What future will the Eurasian Economic Union have? Will EEU members use the experience of the Soviet Union or of the European Union? Will they integrate on fundamentally new principles of cooperation? Pravda.Ru editor-in-chief Inna Novikova discussed the topic with the chief of the laboratory of market economy of the Economic Department of the Moscow State University, Andrei Kolganov.
"After all the situations that our old time European countries have been through, one should pay special attention to Eurasian partners. The prospects of Russian integration have been recently discussed at a government meeting in Kazakhstan. Why prospects, if Russia and Eurasia have long been integrated?"
"The level of integration in the Eurasian Union is lower than that in the European Union. A lot was destroyed after the collapse of the Soviet Union. A lot was lost, and Russia reoriented her foreign economic ties to European, American and African countries. The decision about the Eurasian integration was supposed to stop these destructive processes. One has to understand the direction, in which partners will be developing, and what tools can be used to support this integration."
"The Soviet Union had a strong economy that embraced all of its republics. Were all those ties lost during the 1990s?
"Not all of them. But it is definitely hard to restore the things that we used to have 25 years ago. Most importantly, deep integration on Eurasian space will become possible when joint investment projects start materializing."
"What kind of projects?"
"Any projects. There are projects of railway communication, for example. New roads and bridges are always necessary for development - this is obvious. When there are many of such projects, it will be possible to say that integration has taken deep roots. Business is not charity. Business needs profit, and economic relations must be regulated to create attractive conditions. For example, it is profitable for Russia to sell its goods to Kazakhstan, while for Kazakhstan, it is unprofitable to sell its goods to Russia because of different tax and fiscal rules.
"Are European partners concerned about Russia's developing relations with its partners in the East?
"Most likely, they are, because Russia had been looking up to them for 20 years after all. Russia is gaining more independence on its European economic partners now. Nevertheless, I do not support those who say that Russia shouldn't have worked with Europe. The level of economic development in European countries was higher, and Russia had to obtain new knowledge and new technology from Europe. China does not produce high tech products. High tech components of Chinese goods are made in Japan or in the USA, but not in China.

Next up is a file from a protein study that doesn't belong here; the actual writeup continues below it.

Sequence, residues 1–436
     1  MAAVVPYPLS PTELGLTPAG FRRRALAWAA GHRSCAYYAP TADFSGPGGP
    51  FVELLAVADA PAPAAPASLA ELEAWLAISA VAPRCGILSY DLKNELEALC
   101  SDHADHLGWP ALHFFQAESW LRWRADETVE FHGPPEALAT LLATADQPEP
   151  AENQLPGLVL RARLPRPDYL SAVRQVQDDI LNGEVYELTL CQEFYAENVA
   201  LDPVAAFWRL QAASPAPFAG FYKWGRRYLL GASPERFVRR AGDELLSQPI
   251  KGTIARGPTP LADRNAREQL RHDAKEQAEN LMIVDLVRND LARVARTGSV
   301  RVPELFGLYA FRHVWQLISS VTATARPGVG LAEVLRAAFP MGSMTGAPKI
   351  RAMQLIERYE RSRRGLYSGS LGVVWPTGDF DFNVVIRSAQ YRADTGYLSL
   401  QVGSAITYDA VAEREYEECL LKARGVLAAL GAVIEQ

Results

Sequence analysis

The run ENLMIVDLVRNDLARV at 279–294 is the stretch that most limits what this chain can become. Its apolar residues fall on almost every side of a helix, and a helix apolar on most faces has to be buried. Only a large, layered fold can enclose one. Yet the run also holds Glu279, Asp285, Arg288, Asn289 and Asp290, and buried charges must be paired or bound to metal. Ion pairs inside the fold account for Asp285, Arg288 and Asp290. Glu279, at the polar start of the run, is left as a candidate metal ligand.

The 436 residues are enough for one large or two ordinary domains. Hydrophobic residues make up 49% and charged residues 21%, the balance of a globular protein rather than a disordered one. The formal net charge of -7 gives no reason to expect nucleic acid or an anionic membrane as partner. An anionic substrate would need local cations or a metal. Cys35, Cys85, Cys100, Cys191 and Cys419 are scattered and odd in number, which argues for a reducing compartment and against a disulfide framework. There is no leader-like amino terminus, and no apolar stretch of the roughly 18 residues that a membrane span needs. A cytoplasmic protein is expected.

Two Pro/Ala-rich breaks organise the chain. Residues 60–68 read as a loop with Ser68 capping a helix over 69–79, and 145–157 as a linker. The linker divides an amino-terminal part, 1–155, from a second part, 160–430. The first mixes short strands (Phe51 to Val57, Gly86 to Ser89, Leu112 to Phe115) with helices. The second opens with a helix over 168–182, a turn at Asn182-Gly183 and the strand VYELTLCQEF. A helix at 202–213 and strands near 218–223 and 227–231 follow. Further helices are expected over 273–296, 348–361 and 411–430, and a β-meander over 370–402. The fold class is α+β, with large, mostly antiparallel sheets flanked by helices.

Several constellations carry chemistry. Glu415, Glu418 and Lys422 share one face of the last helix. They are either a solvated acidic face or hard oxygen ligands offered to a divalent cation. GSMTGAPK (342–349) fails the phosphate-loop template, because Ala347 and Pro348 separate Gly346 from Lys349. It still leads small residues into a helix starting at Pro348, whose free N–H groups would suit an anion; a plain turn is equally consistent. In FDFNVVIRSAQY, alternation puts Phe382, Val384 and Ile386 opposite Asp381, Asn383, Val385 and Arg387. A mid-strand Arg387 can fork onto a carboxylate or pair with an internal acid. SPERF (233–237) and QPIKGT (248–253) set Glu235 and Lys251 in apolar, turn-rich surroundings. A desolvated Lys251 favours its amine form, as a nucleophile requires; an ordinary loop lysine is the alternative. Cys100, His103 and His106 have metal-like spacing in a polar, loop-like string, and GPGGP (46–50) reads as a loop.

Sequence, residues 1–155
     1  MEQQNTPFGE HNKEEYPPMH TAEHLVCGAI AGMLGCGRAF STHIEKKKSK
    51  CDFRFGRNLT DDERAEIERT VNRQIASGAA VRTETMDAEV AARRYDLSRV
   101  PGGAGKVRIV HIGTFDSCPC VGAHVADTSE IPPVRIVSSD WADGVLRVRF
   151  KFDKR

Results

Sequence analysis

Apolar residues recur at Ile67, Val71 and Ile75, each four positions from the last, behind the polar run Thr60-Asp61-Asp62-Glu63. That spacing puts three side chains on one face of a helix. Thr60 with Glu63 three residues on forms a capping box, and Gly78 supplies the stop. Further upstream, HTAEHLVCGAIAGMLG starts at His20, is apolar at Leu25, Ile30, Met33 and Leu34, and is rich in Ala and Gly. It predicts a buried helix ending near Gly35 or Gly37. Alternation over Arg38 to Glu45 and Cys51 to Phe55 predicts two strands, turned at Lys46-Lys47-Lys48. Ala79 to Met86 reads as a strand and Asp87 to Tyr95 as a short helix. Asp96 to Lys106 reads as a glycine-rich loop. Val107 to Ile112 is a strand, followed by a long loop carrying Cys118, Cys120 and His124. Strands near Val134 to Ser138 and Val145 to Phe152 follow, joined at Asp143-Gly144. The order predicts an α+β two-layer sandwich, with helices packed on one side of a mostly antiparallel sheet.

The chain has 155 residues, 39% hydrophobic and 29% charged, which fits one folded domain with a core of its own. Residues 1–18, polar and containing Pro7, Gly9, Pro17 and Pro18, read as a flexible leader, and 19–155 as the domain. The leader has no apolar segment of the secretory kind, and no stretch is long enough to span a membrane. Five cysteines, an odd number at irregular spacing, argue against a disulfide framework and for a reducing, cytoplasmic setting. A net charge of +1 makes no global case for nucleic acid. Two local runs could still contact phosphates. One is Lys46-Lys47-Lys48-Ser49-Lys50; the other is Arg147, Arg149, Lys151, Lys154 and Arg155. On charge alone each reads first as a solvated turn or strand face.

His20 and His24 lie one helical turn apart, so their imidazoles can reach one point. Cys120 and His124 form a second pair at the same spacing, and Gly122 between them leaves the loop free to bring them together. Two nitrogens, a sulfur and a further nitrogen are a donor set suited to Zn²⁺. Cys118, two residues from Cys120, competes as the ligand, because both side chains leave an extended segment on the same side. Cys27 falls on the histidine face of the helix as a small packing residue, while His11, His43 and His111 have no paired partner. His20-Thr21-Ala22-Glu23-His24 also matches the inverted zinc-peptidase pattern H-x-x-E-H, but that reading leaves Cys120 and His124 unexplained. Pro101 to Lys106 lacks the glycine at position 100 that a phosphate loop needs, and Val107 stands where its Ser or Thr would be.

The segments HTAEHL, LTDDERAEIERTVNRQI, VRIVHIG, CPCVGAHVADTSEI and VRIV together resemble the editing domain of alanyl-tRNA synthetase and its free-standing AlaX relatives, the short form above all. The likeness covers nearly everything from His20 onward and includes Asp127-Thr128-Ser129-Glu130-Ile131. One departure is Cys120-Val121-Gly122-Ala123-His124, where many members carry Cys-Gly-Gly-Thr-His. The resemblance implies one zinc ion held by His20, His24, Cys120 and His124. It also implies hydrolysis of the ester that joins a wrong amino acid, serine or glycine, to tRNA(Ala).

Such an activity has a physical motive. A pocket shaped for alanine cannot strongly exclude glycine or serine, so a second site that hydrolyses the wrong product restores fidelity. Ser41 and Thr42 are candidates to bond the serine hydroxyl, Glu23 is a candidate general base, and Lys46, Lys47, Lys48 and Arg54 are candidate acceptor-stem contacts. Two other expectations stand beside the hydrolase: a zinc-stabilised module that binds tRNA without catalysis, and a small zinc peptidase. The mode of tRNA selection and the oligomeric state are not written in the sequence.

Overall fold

"Recently, an agreement on trade preferences was signed with Vietnam. What for? Why can't Vietnam cooperate with Russia, Belarus and Kazakhstan separately?"
"Members of the Eurasian Economic Union enjoy lower trade barriers in commodity movement. This is what the dispute of Ukraine's European integration is about. Yet, Ukraine wanted to sit between two chairs - between Europe and Eurasia.
"During the times of the Soviet Union, we had one single economic system, but everything fell into pieces. The breakup of the USSR was a huge loss for all, including for those countries that are trumpeting about their independence today, the Baltic countries, for example. They are not rich with natural resources, to say the least. Do you think some of them may wish to come back?"
"No, the Baltic states are now completely integrated into the European Union. Their economy is all about the EU. They are interested in the Russian market, of course, albeit at a much lesser extent than they used to. Today, they mostly export food products."
"I believe that we should be optimistic about the future. East or West - doesn't matter."
Interview conducted by Inna Novikova
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